There is much more nude shown. For example: in the anime, when the mermaids were bathing, they would never show you how they turned back into humans after getting out. In the manga, they often show how the girls actually wipe off the water with towels and turn parts of their body humanly that way. So needless to say, there are many drawings of the girls naked (with parts covered of course) using a towel.
It's not like this is a bad thing, but it certainly helped making the anime more child-friendly by leaving out parts like this.
Another thing which clearly showed the older targetted audience in the manga was the dialogue. Now I know some things get lost in translation, but the dialogue was kind of long and annoying sometimes. I'm not talking about the parts where the girls are just humans and have fun, it's more about the actual fighting parts. Especially the Michel arc made my brain hurt. so. much.
I am still very confused about that Michel arc. Everything was so unclear to me, and I'm definitely not too young to understand complex stories, but this... It felt like they tried to fit too much information in a few chapters. I must admit it has also been a long time since I saw the anime, so I can't compare if it was explained better in there. Overall, this arc felt much more developed than the Gackto one in the manga, but it hurt my brain so much trying to understand what was going on.
One last complaint I have is the actual concept of Mermaid Melody. It's in the name, these mermaids save the day by singing their enemies to defeat (I don't even know if you can put it this way). In the anime, you would be entertained with the catchy, pop-ish sounding songs every episode, making them stuck in your head. I know this is very difficult to portray in manga of course, since you can only work with visuals. But honestly... I even sometimes forgot that they actually SING to defeat their enemies.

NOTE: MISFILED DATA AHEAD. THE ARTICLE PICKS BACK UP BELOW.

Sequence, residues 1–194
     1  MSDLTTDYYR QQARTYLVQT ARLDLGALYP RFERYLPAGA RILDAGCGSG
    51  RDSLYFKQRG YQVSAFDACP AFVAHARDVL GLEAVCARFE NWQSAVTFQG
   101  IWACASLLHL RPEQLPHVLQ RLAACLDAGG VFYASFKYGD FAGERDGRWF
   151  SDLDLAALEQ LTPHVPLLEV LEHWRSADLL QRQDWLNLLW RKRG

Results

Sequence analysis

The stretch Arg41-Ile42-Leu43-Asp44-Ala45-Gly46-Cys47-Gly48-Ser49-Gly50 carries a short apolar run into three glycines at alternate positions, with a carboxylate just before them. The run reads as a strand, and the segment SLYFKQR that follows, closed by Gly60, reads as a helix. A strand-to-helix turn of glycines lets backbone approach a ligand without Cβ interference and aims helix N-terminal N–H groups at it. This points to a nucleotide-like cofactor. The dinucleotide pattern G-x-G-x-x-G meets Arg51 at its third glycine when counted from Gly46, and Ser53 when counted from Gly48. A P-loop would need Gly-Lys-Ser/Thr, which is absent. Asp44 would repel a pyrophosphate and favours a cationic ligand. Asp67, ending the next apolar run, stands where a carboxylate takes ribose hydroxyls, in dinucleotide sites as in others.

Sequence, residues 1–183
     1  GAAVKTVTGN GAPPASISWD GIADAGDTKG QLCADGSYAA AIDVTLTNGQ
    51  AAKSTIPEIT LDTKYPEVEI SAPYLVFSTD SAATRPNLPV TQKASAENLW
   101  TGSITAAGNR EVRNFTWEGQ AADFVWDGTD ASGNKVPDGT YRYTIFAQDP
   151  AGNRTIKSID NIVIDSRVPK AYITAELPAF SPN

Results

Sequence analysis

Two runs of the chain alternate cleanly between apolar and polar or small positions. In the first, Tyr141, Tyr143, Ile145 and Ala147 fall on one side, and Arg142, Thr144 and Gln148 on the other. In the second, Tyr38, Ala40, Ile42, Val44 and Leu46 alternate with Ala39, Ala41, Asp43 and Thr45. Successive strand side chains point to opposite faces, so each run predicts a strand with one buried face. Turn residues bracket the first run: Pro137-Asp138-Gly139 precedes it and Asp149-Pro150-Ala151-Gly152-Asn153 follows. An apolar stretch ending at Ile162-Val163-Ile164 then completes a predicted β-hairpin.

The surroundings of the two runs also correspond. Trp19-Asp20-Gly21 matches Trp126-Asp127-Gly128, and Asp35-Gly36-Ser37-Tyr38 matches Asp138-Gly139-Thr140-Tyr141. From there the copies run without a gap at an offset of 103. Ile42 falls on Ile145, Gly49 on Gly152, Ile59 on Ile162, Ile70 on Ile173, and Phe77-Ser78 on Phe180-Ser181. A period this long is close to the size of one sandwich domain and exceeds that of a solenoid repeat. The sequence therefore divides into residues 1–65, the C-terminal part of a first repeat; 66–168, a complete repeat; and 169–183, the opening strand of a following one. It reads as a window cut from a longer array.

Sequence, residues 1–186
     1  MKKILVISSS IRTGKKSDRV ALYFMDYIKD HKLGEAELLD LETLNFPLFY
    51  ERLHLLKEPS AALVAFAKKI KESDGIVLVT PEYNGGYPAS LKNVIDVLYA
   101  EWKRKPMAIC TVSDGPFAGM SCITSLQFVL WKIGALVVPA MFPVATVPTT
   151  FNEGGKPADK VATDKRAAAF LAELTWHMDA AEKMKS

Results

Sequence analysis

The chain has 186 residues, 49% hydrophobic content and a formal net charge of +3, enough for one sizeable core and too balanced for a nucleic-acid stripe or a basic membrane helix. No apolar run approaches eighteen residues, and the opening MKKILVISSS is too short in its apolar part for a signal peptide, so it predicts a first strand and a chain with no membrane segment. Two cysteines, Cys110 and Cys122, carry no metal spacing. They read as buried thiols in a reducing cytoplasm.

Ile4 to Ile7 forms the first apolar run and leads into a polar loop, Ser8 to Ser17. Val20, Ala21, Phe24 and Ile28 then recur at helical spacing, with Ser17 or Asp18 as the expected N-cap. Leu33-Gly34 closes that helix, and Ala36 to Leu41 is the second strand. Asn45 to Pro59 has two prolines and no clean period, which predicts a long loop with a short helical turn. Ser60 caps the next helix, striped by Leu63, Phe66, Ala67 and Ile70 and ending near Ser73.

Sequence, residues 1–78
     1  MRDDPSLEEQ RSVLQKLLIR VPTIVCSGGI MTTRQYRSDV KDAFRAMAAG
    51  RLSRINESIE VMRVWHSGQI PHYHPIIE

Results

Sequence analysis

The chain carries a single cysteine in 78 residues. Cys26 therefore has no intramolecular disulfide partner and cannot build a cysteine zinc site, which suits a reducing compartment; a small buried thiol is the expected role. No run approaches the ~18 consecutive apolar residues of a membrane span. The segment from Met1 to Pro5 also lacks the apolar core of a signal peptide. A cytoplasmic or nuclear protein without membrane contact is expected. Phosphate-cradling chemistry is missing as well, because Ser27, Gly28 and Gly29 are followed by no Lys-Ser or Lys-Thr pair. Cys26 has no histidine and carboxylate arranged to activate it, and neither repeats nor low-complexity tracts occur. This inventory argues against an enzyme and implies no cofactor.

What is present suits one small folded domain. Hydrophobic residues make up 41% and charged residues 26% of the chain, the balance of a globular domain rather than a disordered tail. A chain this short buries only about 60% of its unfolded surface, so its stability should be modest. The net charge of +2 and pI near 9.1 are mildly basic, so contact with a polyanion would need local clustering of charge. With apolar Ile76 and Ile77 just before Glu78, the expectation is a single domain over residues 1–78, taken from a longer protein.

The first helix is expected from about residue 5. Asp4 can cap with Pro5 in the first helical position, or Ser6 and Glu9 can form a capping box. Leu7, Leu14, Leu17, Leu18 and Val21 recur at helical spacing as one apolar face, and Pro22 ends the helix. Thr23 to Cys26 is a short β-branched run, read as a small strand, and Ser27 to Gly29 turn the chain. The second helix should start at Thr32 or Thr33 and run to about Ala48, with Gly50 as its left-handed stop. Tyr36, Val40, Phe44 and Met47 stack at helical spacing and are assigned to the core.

This concept of defeating with songs was so much more developed in the anime. In the manga, it often felt like it was the last thing they'd do to save the day. They also would only show one panel with some catchphrases and then directly a panel with the enemy being defeated. Only in the bigger fights, a few panels with actual lyrics would be shown. In the Michel arc, they had at least 2 or 3 chapters without singing! Needless to say, this concept worked way better in the anime.
It actually is very pleasant to look at while reading. It's similar to the anime style, but much more detailed of course. It perfectly portrays that early 00's anime style with the hideous big eyes. One thing that turned me off was the ridiculous small waists as if the girls were supposed to be looking like barbie dolls. I'm glad realistic body proportions and curves have made a major introduction since a few years.
Since I've seen the anime, I was familiar with the characters. And many people would agree if I'd say the main character is your typical shoujo main heroine. Then you have her two best friends always supporting her and the other heroines who show up from time to time.
Now this is the typical Sailor Moon concept. Mermaid Melody has often been blamed for being a cheap copy of the popular Sailor Moon series, but honestly, which shoujo series isn't?